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VOL. 41 | NO. 21 | Friday, May 26, 2017

US stocks stand still after 6-day push to record highs

The Associated Press

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NEW YORK (AP) — U.S. stocks are little changed Friday afternoon in quiet trading ahead of the Memorial Day holiday. Household goods companies are rising as beauty products makers Ulta and Coty climb. Technology companies, which have led the market's recent rally, are slightly lower. Indexes remain near record highs following a six-day winning streak.

KEEPING SCORE: The Standard & Poor's 500 index stayed at 2,414 as of 3:25 p.m. Eastern time. The Dow Jones industrial average dipped 6 points to 21,076. The Nasdaq composite rose 2 points to 6,207, which put it on track for another record close. The Russell 2000 index of small-company stocks fell 1 point, or 0.1 percent, to 1,382.

On the New York Stock Exchange, more companies rose than fell. U.S. markets will be closed Monday for Memorial Day.

EARNINGS: Without much major news to move stock prices, investors continued to trade on company reports. Many came from consumer-focused companies and sellers of household goods, and both industries did better than the rest of the market Friday.

Beauty products retailer Ulta Beauty gained $9.89, or 3.4 percent, to $302.93 after it reported a strong quarter. Competitor Coty picked up 42 cents, or 2.3 percent, to $19.02.

Costco Wholesale rose $3.05, or 1.7 percent, to $177.78 after the warehouse club had a strong quarter as sales and member payments both increased. Uggs maker Deckers Outdoor turned in earnings that were stronger than expected, and its stock gained $10.28, or 18.2 percent, to $66.85.

GAME OVER: GameStop's first-quarter results were stronger than analysts expected, but sales of new software and wireless devices were weaker than investors expected. The stock gave up $1.68, or 7.1 percent, to $21.94. Video game publishers also fell. Activision Blizzard lost $1.06, or 1.8 percent, to $58.16 and Electronic Arts declined $1.06, or 1.4 percent, to $112.27. Take-Two Interactive Software shed $1.56, or 1.5 percent, to $77.37.

SOOTHED: The VIX, an index that is called Wall Street's "fear gauge" because it measures how much volatility investors expect to see, fell for the seventh day in a row. After a huge spike last Wednesday, the 27-year-old index is trading near all-time lows. It sank to 9.82 Friday. The only time it was lower was late December 1993.

THE QUOTE: "Investors have been conditioned over multiple years to buy the dip any time there's a market pullback," said Jason Draho, the head of American tactical asset allocation for UBS Wealth Management. "They've been sitting on a lot of cash."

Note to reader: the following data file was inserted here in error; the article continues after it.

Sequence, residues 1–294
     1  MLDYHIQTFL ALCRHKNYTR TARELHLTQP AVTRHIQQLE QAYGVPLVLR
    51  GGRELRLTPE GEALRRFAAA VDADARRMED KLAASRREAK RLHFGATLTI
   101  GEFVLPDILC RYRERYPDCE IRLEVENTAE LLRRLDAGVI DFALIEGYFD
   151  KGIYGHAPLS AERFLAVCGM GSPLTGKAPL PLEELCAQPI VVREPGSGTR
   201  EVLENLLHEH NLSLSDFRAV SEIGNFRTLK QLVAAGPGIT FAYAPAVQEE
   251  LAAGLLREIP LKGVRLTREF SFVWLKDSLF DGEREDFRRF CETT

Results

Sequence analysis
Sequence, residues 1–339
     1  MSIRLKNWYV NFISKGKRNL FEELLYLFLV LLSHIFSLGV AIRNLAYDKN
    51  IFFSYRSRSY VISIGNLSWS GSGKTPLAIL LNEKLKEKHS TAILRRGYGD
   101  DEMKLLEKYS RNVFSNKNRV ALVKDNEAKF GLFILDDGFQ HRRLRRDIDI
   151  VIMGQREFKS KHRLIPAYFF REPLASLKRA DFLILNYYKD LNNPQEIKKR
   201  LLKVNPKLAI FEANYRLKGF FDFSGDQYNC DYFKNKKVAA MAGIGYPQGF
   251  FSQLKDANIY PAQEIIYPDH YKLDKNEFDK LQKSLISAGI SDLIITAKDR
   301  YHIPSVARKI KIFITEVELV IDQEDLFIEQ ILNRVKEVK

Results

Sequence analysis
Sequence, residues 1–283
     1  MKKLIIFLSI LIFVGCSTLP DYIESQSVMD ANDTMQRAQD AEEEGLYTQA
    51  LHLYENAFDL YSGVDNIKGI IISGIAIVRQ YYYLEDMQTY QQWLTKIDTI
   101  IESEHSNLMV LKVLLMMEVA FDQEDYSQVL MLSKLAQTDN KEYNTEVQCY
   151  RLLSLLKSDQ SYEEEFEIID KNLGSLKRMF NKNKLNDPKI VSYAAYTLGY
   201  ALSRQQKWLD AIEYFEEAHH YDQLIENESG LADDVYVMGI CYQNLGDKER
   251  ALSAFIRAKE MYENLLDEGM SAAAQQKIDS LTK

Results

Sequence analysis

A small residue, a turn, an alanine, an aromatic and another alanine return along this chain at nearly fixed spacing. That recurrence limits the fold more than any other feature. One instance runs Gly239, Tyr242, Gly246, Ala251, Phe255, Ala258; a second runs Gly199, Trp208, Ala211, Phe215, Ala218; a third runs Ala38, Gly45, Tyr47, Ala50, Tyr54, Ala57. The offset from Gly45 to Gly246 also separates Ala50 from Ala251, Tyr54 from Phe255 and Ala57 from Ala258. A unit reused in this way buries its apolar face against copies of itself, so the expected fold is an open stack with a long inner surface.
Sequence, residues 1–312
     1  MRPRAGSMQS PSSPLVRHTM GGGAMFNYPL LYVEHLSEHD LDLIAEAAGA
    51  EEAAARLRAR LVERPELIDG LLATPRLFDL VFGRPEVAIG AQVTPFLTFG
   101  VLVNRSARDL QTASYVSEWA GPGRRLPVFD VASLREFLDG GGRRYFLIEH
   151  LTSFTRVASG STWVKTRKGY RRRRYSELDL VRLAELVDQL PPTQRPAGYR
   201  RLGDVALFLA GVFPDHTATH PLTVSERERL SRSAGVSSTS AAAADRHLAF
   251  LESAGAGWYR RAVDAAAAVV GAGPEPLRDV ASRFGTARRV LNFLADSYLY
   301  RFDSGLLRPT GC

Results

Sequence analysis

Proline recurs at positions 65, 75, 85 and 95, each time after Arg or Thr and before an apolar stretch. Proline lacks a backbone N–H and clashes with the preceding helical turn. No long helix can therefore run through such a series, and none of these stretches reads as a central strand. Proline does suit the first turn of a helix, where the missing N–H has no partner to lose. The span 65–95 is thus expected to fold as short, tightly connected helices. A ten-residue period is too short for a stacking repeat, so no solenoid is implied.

Draho said that's one reason the market has been so stable recently. Another is that the economy has been growing gradually but steadily for eight years, which in turn has contributed to one of the longest-lasting bull markets of all time. And as a bull market gets older, stocks don't move in the same direction as often. When one stock or one sector rises and another falls, that makes the overall market flatter and less volatile.

OIL: Crude oil prices bounced back from a sharp drop the day before. Benchmark U.S. crude rose 90 cents, or 1.8 percent, to $49.80 a barrel in New York. Brent crude, the international standard, added 69 cents, or 1.3 percent, to $52.15 a barrel in London.

On Thursday a group of 24 nations including the OPEC countries agreed to a nine-month extension of a cut in oil production. But energy companies, which have lagged the market dramatically this year, hardly budged. The S&P 500's energy company index is down 12 percent in 2017 while the broader S&P 500 is up almost 8 percent.

OTHER ENERGY TRADING: Wholesale gasoline added 3 cents to $1.64 a gallon. Heating oil gained 1 cent to $1.56 a gallon. Natural gas rose 5 cents to $3.24 per 1,000 cubic feet.

ECONOMY: The Commerce Department said the U.S. economy grew 1.2 percent in the first quarter, which was still weak but better than it originally estimated. Orders for long-lasting goods fell in April, and a category that tracks business investment fell for the second month in a row.

METALS: As the dollar weakened, gold rose $11.70 to $1,268.10 an ounce and silver gained 13 cents to $17.32 an ounce. Copper fell 3 cents to $2.57 a pound.

BONDS: Bond prices were little changed. The yield on the 10-year Treasury note held steady at 2.25 percent.

CURRENCIES: The dollar sank to 111.19 yen from 111.80 yen. The euro fell to $1.1176 from $1.1205.

OVERSEAS: Germany's DAX lost 0.2 percent and the FTSE 100 in Britain rose 0.4 percent. The French CAC 40 fell by a fraction of a percentage point. Japan's benchmark Nikkei 225 index shed 0.6 percent but the South Korean Kospi climbed 0.5 percent. Hong Kong's Hang Seng was nearly unchanged.

___

AP Markets Writer Marley Jay contributed to this story. He can be reached at http://twitter.com/MarleyJayAP

His work can be found at https://apnews.com/search/marley%20jay

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